MOUNT OLIVE — Starting this fall, the University of Mount Olive will have a familiar face advocating for the arts. Larry D. Lean, professor of art and visual communications, has been appointed Artist in Residence at the university. The position is a new one for the university and for Lean, who has taught at UMO since 1987.
“I am honored that I have been selected for this position,” Lean said. “I will be the first Artist in Residence at University of Mount Olive and hopefully it is a position that can be continued for many years to come. We have excellent faculty members in our Departments of Fine Arts, Music, and Language and Literature that are well qualified to serve as Artist in Residence.”
In addition to his teaching responsibilities, in his new role Lean will be charged with promoting the arts at the University. “Our University has had an excellent history of programs in art, music, poetry, creative writing and other arts. We need to showcase these programs so the public will have the opportunity to see our wonderful talents. I will be working with various departments and programs in the arts at the university to do that.”
According to Lean, the Artist in Residence position came about because of a discussion that Lean had with University President Philip P. Kerstetter. “Phil and Mary are very interested in and supportive of the arts,” Lean stated. “We have had discussions about what this position could do for the university and how it could advance the arts. I was offered the position this summer and agreed to accept the challenge.”
Lean indicates that one of his first objectives will be to educate the public about what UMO has to offer. “We need to educate the public about the value of having the arts in their lives,” Lean said. “The arts have a way of inspiring us and bridging gaps between different groups of people. They are a connective tissue that can eliminate the differences between ages, races, religions and cultures. It is imperative that we use the arts as a means of bringing people together.”
Last year, the university started a program called the Fine Art’s Circle (FAC). FAC is made up of a group of individuals who work to promote the cultural, social, and economic importance of the arts to the community at large, by not only participating in fine arts gatherings, but also by helping to support them.
“People are always wondering what they can do to help at the University and I believe the FAC is a grand opportunity to contribute to an effort that in return, provides so much to the community,” Lean said. “Art events, music events, and poetry festivals are all free and open to the public but they don’t come without cost. The contributions to the Fine Arts Circle will provide additional funds to help support many of these events. We hope to provide more information about becoming a part of the Fine Arts Circle soon. If interested in this opportunity people can call the University and inquire about contributing.”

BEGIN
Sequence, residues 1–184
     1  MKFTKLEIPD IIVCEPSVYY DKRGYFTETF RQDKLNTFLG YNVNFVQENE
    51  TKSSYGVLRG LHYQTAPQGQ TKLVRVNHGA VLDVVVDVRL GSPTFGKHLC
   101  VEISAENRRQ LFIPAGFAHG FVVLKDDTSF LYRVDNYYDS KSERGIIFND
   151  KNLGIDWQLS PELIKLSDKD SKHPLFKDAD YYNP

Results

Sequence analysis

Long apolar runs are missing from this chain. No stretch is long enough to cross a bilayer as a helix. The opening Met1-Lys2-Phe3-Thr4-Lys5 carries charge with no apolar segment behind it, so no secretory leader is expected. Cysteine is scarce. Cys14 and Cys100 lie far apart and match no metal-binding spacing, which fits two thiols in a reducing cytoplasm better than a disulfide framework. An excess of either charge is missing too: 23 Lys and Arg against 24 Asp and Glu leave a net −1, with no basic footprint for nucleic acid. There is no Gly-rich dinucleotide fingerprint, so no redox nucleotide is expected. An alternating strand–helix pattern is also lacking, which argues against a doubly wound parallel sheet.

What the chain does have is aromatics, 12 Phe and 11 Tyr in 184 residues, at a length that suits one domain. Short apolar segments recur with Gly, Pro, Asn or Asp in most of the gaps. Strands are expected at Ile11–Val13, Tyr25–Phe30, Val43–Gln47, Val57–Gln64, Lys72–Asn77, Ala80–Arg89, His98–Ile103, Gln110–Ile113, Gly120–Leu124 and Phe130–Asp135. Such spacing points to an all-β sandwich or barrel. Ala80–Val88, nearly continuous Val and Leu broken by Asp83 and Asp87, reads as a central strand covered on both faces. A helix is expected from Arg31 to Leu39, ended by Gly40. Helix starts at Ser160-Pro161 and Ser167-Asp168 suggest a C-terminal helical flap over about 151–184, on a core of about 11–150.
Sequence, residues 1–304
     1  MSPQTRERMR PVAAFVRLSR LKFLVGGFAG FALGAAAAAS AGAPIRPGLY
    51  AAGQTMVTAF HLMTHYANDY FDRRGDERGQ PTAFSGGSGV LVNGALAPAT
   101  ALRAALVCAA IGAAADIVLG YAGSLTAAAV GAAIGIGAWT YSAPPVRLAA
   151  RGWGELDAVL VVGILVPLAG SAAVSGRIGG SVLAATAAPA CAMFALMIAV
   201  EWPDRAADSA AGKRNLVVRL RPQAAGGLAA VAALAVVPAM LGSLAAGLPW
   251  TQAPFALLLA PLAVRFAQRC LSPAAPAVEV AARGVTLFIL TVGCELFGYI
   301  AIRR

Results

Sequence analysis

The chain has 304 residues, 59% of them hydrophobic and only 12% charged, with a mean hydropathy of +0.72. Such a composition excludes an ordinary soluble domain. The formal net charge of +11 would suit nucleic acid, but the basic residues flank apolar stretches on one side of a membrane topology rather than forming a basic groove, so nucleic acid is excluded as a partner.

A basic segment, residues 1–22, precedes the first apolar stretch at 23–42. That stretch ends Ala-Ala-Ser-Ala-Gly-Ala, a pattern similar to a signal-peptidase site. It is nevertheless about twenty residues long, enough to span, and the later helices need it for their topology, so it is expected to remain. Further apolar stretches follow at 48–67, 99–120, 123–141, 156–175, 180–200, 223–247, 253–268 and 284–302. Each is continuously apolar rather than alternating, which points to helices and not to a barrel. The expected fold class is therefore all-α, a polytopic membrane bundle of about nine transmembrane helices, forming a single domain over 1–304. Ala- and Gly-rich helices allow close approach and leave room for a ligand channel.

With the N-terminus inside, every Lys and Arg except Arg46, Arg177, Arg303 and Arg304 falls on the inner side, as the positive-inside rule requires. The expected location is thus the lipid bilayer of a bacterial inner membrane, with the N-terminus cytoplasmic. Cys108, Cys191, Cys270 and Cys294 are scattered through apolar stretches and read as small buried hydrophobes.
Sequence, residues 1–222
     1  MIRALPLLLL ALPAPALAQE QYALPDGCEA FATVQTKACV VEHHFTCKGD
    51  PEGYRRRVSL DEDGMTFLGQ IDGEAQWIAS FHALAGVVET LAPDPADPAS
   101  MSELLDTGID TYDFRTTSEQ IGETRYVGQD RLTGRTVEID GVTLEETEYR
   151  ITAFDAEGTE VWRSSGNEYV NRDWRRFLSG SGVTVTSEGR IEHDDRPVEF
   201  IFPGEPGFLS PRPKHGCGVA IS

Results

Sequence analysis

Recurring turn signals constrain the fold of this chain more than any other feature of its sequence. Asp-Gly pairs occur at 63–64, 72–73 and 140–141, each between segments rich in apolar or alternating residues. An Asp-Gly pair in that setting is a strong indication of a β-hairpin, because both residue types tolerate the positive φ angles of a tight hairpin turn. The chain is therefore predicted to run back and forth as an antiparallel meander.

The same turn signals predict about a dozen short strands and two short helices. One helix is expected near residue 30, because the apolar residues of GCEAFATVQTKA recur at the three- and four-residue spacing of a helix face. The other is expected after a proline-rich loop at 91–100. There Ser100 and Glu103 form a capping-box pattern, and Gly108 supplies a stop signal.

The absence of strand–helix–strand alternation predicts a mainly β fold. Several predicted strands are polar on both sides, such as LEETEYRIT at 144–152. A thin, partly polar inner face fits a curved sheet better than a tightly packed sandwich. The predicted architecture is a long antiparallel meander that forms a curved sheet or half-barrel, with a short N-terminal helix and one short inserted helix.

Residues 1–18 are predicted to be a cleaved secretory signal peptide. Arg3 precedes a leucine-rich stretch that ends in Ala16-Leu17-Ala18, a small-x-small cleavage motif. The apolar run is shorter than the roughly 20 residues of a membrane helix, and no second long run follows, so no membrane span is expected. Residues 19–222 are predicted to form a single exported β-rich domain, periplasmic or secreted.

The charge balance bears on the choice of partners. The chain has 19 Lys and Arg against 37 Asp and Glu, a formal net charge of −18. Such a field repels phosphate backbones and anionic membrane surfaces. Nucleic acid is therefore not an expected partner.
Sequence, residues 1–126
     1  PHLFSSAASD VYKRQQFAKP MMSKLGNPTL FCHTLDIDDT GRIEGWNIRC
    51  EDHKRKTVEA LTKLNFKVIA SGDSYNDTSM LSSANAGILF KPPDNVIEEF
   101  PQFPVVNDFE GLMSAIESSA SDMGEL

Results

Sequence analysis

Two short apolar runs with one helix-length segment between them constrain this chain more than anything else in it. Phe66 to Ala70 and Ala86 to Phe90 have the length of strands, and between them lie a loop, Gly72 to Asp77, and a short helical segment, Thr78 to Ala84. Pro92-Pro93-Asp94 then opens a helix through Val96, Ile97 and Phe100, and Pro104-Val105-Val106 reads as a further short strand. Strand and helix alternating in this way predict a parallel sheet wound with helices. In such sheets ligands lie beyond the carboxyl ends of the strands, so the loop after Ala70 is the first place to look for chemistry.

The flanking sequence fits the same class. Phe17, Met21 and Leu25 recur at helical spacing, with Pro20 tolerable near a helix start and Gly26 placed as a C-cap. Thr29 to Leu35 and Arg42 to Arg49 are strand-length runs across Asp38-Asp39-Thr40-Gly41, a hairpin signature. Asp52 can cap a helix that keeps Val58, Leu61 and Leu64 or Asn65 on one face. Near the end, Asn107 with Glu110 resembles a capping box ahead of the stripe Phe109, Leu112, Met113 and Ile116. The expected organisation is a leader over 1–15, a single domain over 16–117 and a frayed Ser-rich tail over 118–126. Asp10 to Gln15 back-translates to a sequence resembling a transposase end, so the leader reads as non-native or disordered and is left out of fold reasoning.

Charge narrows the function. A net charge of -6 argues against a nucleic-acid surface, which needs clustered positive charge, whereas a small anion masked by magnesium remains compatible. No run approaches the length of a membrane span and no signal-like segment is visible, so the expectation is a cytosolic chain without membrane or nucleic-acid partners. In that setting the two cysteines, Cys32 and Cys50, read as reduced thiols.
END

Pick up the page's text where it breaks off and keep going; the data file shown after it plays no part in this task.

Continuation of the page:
Most Artist in Residence positions culminate with the artist having a closing show. Lean, on the other hand, is starting his role with the opening of his show entitled, Too Many Crowns, which goes on display Aug. 25 to Sept. 28. The opening reception is slated for Sept. 6, from 2 to 5 p.m., in the Teresa Pelt Grubbs Gallery in Laughinghouse Hall.
“Too Many Crowns is an exhibit about the voice within me that speaks and the imagination that creates,” Lean said.
The show will include about 20 paintings, all completed since May of this year. “They range from ‘illustrative’ to ‘very painterly,’ and yet there is a unique thread that runs through them all,” Lean said. “It will challenge some who come with a very narrow interpretation of what fine art should be. In this way, I hope it will educate the public.”
Lean hopes that individuals that visit his show take away the message that art is an individual pursuit. “There are not rules when it comes to creativity,” said Lean. “We, as artist, are conditioned by our education to feel as though we must create images in a certain way. It is hard to break loose of the academic context and create freely and yet it is that freedom that reflects our creativity. I try my best to teach my students to listen to the voice within them. I want them to create and reflect their voices, not mine. I remember reading the book Demian by Hermann Hesse when I was in college. In the introduction he states, ‘I only wanted to live by the promptings that came from my true self. Why was that so very difficult?’ That is what I want my students to learn to do. Many believe that art is what they want it to be and not a context that includes creative images of all kinds. They are reluctant to accept images that are different and yet the nature of the creative process dictates that difference. Although many are reluctant to accept things that are new and different, they are not solely responsible. It is the artist’s responsibility to join in and educate the public. Art is like music. You don’t have to like one kind of music and you don’t have to like one kind of art. As an educator I can appreciate all types of art and many different levels. My show will challenge some and I welcome the opportunity to educate.”
For more information about the Fine Arts Circle at the University of Mount Olive, or about Lean’s show Too Many Crowns, call 919-658-2502 or visit www.umo.edu.